Winchester Downtown may become Main Street community

City will receive word if it makes list by May

Winchester Herald-Chronicle
Deidre Ortiz, Staff Writer
February 28, 2014

Winchester Downtown may become Main Street community

Sean Crabtree, Winchester Downtown Program Corp. president, left, joins Winchester Mayor Terry Harrell in signing the city’s application to become part of the state’s Main Street program.

The Winchester Downtown Program Corporation’s committee members are hoping that downtown Winchester will soon be on the list of the state’s Main Street communities.

“We turned in an application to the state on Dec. 20 of last year, and we expect to hear something by May,” WDPC executive director Jerry Sharber said.

Most Franklin County residents are aware that in the past few years, Winchester’s nineblock downtown area has received a facelift of sorts through a state initiative called the Downtown Revitalization Project, which takes a percentage of the sales tax dollars spent downtown and enables a city to use it toward renovating the downtown area.

Sharber stated, now that the downtown has been updated, becoming a Main Street community would further benefit the city by putting Winchester on the map, so to speak.

“What the revitalization did is change the physical appearance of downtown, and my predecessor Bill Cowan and the WDPC board worked hard on accomplishing that,” he said. “But we’ve always envisioned that the city would become a Main Street community because it has value from the perspective of attracting more people, businesses and events to the city. These are the kinds of things that people like to see in a revitalized downtown.”

According to Sharber, who took the position of executive director of the WDPC almost a year ago, it was one of his main goals to get an application submitted to the state. And it seems as if the city will have a good chance at making the cut.

“It’s not really a commitment, but Winchester has recently been included in communications with the state, and we’ve been able to see what being part of the program will mean,” Sharber said.

In January, Sharber attended a meeting in which he learned more about the objectives of the state’s Main Street Program.

“The Tennessee Department of Economic and Community Development is partnering with the United States Department of Agriculture and the Appalachian Regional Commission to launch the ]IDEA Initiative’ that will assist Tennessee Main Street designated programs in setting achievable, effective and sustainable development objectives.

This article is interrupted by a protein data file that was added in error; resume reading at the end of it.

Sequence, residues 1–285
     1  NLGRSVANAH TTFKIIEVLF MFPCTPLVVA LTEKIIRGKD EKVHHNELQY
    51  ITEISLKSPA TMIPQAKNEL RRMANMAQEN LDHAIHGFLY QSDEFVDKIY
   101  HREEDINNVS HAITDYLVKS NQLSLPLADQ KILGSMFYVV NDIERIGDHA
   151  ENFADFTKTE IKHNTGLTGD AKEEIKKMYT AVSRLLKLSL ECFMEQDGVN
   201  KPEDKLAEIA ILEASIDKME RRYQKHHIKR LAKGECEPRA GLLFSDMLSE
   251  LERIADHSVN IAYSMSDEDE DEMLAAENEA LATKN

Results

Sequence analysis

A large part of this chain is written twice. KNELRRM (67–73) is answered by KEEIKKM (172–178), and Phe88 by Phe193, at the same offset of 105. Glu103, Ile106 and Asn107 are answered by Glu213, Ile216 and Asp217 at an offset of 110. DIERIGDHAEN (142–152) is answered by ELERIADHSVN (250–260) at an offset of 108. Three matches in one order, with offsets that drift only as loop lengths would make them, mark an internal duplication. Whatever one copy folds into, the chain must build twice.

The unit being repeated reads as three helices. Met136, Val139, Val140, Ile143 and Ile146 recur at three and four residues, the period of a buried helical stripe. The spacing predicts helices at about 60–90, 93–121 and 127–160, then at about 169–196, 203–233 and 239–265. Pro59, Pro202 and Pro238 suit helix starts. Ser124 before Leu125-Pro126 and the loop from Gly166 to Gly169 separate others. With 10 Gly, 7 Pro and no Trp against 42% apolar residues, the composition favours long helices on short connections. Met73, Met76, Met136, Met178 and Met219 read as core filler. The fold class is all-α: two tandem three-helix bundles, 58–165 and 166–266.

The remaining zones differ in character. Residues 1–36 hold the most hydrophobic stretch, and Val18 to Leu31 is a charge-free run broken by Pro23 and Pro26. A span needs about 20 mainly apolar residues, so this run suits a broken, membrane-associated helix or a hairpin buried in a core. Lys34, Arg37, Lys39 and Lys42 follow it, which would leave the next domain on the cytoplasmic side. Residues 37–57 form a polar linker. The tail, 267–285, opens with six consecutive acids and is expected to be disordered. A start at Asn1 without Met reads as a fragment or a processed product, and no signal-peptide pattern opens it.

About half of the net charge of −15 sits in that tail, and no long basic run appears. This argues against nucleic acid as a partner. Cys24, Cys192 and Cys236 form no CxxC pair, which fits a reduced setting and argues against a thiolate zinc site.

According to the release, IDEA stands for “Ignite Downtown Economic Action,” and the initiative will provide each participating community with an assessment and a set of specific recommendations for economic development based on the National Main Street Center’s Four Point® model: design; economic restructuring; organization; and promotion.

There are 27 Main Street communities across Tennessee, one of the closest to Winchester being Fayetteville.

In a recent release TNECD Commissioner Bill Hagerty said the state is excited to continue supporting cities and their downtowns.

“We are pleased to partner with the United States Department of Agriculture and the Appalachian Regional Commission on this innovative and exciting new program,” Hagerty said. “Tennessee’s downtown districts are the backbones of our communities, fostering job growth and revitalization efforts.

“This new program is a welcome addition to the efforts our Main Street communities make on a daily basis to further economic development.”

Tennessee Main Street director Todd Morgan further explained that successful downtown districts are vital to the state.

“Vibrant downtowns are valuable community assets because of the way they contribute to local economies,” Morgan said. “Main Street programs work with small businesses and entrepreneurs every day and the IDEA Initiative will assist them with creating a downtown environment conducive for successful businesses and job creation.”

USDA Rural development State Director Bobby Goode said that the three partner agencies are contributing a combined $121,500 to fund the initiative.

“The amount of money invested for each town may seem pretty small, but by working together at the state, local and federal levels we leverage each other’s strengths for this next step and future steps that grow out of the plans each community makes as a result of the IDEA Initiative,” Goode said.

The National Main Street Center will use Barman Development Strategies, LLC to help each community identify the strengths of its downtown, market position and a specifi c development need or opportunity that exists. The process will include public workshops in each community throughout 2014.

The IDEA Initiative will sharpen the focus on the role of local Main Street programs as drivers and contributors to comprehensive local economic development efforts. This proven strategy works by strengthening local Main Street teams, improving action plans, increasing understanding and confidence in Main Street districts for investors, and developing economic restructuring resources and reference tools for each local programs.

In 2012, designated Main Street communities generated more than $82 million of public/private investment and created 604 new jobs.

Main Street programs are located in Bristol, Cleveland, Collierville, Columbia, Cookeville, Dandridge, Dayton, Dyersburg, Fayetteville, Franklin, Gallatin, Greeneville, Jackson, Jonesborough, Kingsport, Lawrenceburg, Lebanon, Leiper’s Fork, McMinnville, Morristown, Murfreesboro, Ripley, Rogersville, Savannah, Sweetwater, Tiptonville and Union City.